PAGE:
Outcomes among Patients with Comorbid Substance Use and Depression in Integrated Care

Researchers with Seattle Pacific University examined the role of comorbid substance abuse and depression as associated with primary care and behavioral health clinical appointments. Study data was extracted from 224 randomly selected primary care patients from three integrated primary care clinics from one health care agency in the Pacific Northwest.

Three main analyses were conducted to examine the role of comorbid substance abuse and depression on health care utilization.

  • First, researchers examined primary care utilization. They found that primary care patients with substance use disorders had an increased number of primary care visits compared to non-substance abuse patients. However, this association was not significant among patients with depression. Additionally, researchers found no significant association between an interaction term of substance abuse and depression as associated with primary care visits.
  • Second, researchers examined behavioral health utilization. They found that substance abuse alone was not significantly associated with behavioral health visits. However, patients with depression had a significant increase in the number of behavioral health visits. Additionally, the interaction term between depression and substance abuse was significantly associated with behavioral health visits, meaning that patients with comorbid conditions were even more likely to have increased behavioral health visits than either condition alone.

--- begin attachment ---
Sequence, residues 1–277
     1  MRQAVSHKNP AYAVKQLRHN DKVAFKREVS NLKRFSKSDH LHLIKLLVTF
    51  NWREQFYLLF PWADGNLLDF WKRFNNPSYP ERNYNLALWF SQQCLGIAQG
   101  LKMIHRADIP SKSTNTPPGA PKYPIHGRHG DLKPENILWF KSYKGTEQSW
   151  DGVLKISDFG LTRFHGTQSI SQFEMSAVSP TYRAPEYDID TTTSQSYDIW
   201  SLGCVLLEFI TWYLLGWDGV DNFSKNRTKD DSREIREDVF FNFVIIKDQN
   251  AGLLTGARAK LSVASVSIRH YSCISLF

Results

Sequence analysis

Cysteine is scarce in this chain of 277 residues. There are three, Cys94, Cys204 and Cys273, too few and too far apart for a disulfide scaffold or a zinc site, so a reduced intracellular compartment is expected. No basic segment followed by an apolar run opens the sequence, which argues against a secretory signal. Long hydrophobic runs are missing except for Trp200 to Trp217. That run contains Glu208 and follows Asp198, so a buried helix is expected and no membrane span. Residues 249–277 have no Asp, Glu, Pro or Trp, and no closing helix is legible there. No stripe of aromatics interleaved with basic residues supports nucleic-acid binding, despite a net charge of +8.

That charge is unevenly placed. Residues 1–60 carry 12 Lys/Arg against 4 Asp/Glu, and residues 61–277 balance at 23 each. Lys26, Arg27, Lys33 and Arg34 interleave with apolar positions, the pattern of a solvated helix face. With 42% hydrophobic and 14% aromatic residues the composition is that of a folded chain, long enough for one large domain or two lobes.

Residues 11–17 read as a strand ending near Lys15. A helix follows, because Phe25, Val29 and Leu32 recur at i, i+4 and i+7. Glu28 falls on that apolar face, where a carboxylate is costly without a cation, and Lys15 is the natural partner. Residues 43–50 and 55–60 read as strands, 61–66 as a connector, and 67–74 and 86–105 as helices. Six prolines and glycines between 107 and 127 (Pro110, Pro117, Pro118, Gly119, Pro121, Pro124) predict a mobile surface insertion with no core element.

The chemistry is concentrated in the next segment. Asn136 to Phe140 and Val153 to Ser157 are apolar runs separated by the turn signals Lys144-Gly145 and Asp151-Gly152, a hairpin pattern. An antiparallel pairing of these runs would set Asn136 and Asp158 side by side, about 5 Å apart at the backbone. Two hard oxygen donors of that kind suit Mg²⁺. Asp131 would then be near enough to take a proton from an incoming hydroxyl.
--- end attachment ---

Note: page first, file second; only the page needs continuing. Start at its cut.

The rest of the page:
• Finally, researchers examined the moderating and mediating relation of depression on medical treatment utilization. They employed a bootstrapping technique along with an SPSS tool to quantify these potential pathways. Results indicated that depression moderates the association between substance use and behavioral health service while behavioral health services mediate the association between substance use disorders and medical treatment utilization.

The study has several limitations.

  • First, researchers were able to extract only a limited amount of demographic and diagnostic variables. Therefore, it is plausible that study findings are confounded by missing data elements such as patient demographics and clinical measures.
  • Second, research included a binary measure of substance abuse and depression, rather than a quantification of severity. Future research would benefit from discriminating levels of depression and substance abuse severity.
  •  Finally, the study was unable to include control subjects. Future research may want to examine if these associations are significant among patients seeking care in nonintegrated primary care settings or among control patients within the same study sites.

Read the related abstract.